'delphia Academy of Science pu- has in various countries around
blications.. She was on her way the world.
home from South America via The bird' cage at Castelhaiti
Panama two years ago, when was a favorite haunt, where she
she decided to visit a cousin liv- enjoyed watching the Weaver
ing in Jamaica. There she met Birds build their ingenious nests.
her cousin's best friend, Dr H6n- She is interested in learning ii
ry Fowler, th6 Head Master of there is a bird-bander in Haiti
Priory School. He talked her and would like to make it known
into taking over his classes that if anyone in Haiti ever
while he was on leave. She finds a bird, dead or alive, with
made a quick trip home to Union a numbered metal tag on its leg,
City, Penna., near Lake Erie, a report of the number, where
returned to Jamaica with 100 and in what condition found, etc.
pounds of books and little else, (or just the flattened band itself
-and has been teaching 35 class- from a dead bird), should be
'es.a week ever since. She visited sent to the organization known
Haiti on her way to Santa Fe, as Bird Banding, Patuxent, Ma-

ryland, a suburb of Washington,
But that is not where the
lady's interests end. She's an
ardent gardener, is studying liz-
ard and frogs, runs two homes,
and at present is worrying about
her last income tax payment
which was delayed due to the
Post Office w workers' strike re-
cently in Jamaica. She is plan-
ning a return visit to Haiti, at
which time she expects to make
field trips to study Haiti's bird-
life, etc., etc. There just isn't
any end to her studies, and
that's what keeps her young and
interesting. Mrs Burkhart paid
a visit to the Cardozo flower
gardens and was sorry to have
missed meeting and talking with
Mrs Cardozo who is now in New
York. Nadule Cardozo showed
her around and they batted Lat-
in flower and plant names back
and forth..like ping-pong balls.

Completely furnished House
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Four (4) bedrooms
Two (2) bathrooms
Two (2) kitchens
Bar Office
Diningrooni Li~ing room
Veranda Swimming pool
Formerly residences of Peru-
vian Ambassador and Canadian
Charge d'Affaires.


jute sw-imitary City
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. . . .. I -,.,

o)UNDAY MAI 21ST, 1961


""** -I SO "

SUNDAY MAY 21T, 1i911

11Joseph report

One for the record. The electric company announced in the
dailies this ieek that owing to the delay in the arrival of spare
parts the rationing of electricity will not begin this week and
will begin at a later date... "I am called not N. V. Constant but
Victor Nevera Constant", the first deputy of the Capital said
tartly this past week at the swearing in ceremony at the Legis
lati\e Palace. "So there will be no confusion about my person-
ality", the omission has been correctly rectified by the commis-
sion sIated Le Matin... Pierre and Cenin Calman-Lev. fElew off
Tuesday for a two month visit to Miami, New York and their
native Puris... Lolely Gloria Noustas Babonn and her two child-
icn ri riurned to Mexico City Tuesday ending a month- vacation
,ith the family here. Grandpa Al Noustas began the hrst leg
of his business trip nursing grandchildren Tonio and Elizabeth...
Jisephl A.' Surkis consul general of Haiti in Lebanon arrived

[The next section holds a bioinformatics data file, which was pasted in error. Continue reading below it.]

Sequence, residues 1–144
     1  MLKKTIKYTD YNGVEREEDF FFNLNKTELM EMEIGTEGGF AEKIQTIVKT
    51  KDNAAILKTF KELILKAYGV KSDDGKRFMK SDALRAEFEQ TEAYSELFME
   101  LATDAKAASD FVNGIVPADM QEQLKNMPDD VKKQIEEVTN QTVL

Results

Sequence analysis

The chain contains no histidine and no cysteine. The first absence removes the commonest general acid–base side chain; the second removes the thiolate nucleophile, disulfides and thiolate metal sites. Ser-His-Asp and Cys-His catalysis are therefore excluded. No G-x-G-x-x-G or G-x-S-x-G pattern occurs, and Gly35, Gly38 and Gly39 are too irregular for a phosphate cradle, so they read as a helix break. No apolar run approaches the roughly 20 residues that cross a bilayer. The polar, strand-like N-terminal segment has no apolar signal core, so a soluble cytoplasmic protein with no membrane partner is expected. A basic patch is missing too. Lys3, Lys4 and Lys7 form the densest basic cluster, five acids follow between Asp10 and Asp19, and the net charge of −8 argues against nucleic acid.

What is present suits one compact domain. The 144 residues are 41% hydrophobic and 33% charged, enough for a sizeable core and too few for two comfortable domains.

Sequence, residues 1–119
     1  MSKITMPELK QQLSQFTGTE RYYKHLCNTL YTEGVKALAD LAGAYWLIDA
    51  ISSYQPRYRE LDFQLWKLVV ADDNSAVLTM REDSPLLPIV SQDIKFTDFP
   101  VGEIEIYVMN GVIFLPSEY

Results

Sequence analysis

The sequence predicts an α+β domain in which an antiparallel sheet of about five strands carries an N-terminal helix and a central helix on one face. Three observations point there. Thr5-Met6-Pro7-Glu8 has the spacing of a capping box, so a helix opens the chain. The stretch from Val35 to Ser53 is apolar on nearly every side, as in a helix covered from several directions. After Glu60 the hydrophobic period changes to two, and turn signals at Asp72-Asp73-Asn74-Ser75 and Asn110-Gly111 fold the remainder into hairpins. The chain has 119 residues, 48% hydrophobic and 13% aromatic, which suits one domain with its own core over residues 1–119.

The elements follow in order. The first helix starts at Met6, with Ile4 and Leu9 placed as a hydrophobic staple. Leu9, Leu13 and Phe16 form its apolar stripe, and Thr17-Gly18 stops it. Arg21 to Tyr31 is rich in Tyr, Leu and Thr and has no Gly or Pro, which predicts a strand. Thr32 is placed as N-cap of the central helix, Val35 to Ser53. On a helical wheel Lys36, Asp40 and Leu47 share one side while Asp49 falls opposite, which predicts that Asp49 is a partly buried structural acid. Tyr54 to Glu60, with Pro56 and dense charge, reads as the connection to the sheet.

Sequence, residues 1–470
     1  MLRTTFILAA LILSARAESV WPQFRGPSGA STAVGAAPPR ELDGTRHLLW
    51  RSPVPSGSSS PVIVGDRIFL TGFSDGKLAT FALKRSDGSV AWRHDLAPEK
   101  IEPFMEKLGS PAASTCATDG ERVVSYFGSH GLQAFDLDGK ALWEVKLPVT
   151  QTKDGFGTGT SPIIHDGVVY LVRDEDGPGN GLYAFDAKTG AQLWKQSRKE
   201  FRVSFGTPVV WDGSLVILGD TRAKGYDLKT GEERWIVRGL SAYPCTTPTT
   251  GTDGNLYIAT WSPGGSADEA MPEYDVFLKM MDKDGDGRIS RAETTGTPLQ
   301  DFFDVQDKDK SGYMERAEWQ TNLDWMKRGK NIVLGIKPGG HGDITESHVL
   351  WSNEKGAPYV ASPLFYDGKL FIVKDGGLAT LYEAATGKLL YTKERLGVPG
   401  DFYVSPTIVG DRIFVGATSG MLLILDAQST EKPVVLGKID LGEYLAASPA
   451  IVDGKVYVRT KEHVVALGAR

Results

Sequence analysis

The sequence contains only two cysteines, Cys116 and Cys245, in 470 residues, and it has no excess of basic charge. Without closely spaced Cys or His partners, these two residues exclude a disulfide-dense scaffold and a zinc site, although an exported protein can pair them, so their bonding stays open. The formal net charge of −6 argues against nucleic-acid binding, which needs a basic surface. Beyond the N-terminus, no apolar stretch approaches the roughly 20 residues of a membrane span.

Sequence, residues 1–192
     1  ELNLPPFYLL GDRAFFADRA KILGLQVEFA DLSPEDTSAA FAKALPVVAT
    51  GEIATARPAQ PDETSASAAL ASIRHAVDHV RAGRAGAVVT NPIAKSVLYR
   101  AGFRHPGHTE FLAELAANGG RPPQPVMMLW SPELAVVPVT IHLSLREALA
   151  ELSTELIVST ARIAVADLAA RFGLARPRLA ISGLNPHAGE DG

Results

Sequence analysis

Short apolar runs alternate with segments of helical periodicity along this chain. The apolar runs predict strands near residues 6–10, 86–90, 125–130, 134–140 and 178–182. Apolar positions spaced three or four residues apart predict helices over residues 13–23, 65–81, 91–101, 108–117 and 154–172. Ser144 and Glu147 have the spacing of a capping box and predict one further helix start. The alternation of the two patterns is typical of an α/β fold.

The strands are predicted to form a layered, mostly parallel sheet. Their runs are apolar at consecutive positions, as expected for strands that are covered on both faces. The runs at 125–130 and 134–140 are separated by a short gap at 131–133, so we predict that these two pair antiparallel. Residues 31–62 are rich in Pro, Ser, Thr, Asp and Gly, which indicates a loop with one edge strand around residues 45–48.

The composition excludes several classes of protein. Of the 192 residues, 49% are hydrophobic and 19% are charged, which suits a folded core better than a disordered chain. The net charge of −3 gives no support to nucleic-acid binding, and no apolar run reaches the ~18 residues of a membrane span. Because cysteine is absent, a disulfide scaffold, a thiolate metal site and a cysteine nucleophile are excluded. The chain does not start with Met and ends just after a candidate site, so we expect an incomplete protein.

FIrlday from Beruit to attend the May 2 cath taking of Presid.
Cet IDuialier... American Industrialist Anibroi-e -J. Harpnett ar-
:ivcr.l here [his week \with a groin of te-'hncrians. Mr Ilarpnett
-, interesting in building a sugar mill in the "riche et verdo.y-
anle" Torbeck plain along with a wharf according to Le Jour...
Air Ilaiti International which recently leased office space oi
Ihe( Rfue l'Pvee has cancelled the lease... Buteai's Bond. Point




S PRESIDENT Staff of Haitian Armed 'Forces, ;lowers before the statii ofp 'tl
the Commandant of Officers of Empereur ...
TAKES OATH FOR Presidential buarncG, p1 go to Mlitary" ibnours.
the Square of Heroes of the Inde- Dress: White
NEW TERM pendence and lay a wreath of Direction ofi Protocole.


(Continued-frod page 1) G lay te

Ceremony of the oath of Of- .
fice. Se.S Here As
Speech of the Chairman of the core s Ar
National Assembly
Speech of His Excellency the
President of the. Republic ,re at A r l ....,

To GivePublic Recital.Tuesday Next
, By JAN SWEELINCK Author-Composer ..

. ..

On his departure, the Chief
of,the State will be accompan-
ied to his car by the Chairman
of National Assembly.
Military salute will be given.
21 cannon-shots.
9:45.-Te Deum at Basilique
Notre Dame. On- his arrival His
Excellency the President of the
Republic will receive military
He is welcomed d by tlI Parish
Priest of the Cathedral.
Seals are reserved in the
Choir for Diplomatic Corps high-
ranked officials, Members of
the Cabinet, the Staff of Haitian
Armed Forces. The family of
the President, high "Employees

liesminrant is opening "bientot" after being completely renovated of the Government, Press and
anid aiiuconditoned... Consul General in New York Andre .lie official guests have their seats
;iraii'%d in town tins %eeek and Rudy Balhoun consul general in in the nave as well as members
Mlarnm returned to his post.. Le Perchoir advised this welk that of Consular Corps.
Se After Te Dedm, the Chief of
Ite deluxe restaurant has closed down temporarily as its direct- Ate reeeesu oncte Chmore m
State receives once more mill-

orb Mi and Mrs Albert Barcillon are going to Boston. The
bar and terrace and shop will continue to function.. Billy Steed
ol the Slaughterhouse lHampcol returned to town after a visit
]home to Texas with his wife Michelle and son. Mare... The Mnui.

tary honors and goes to National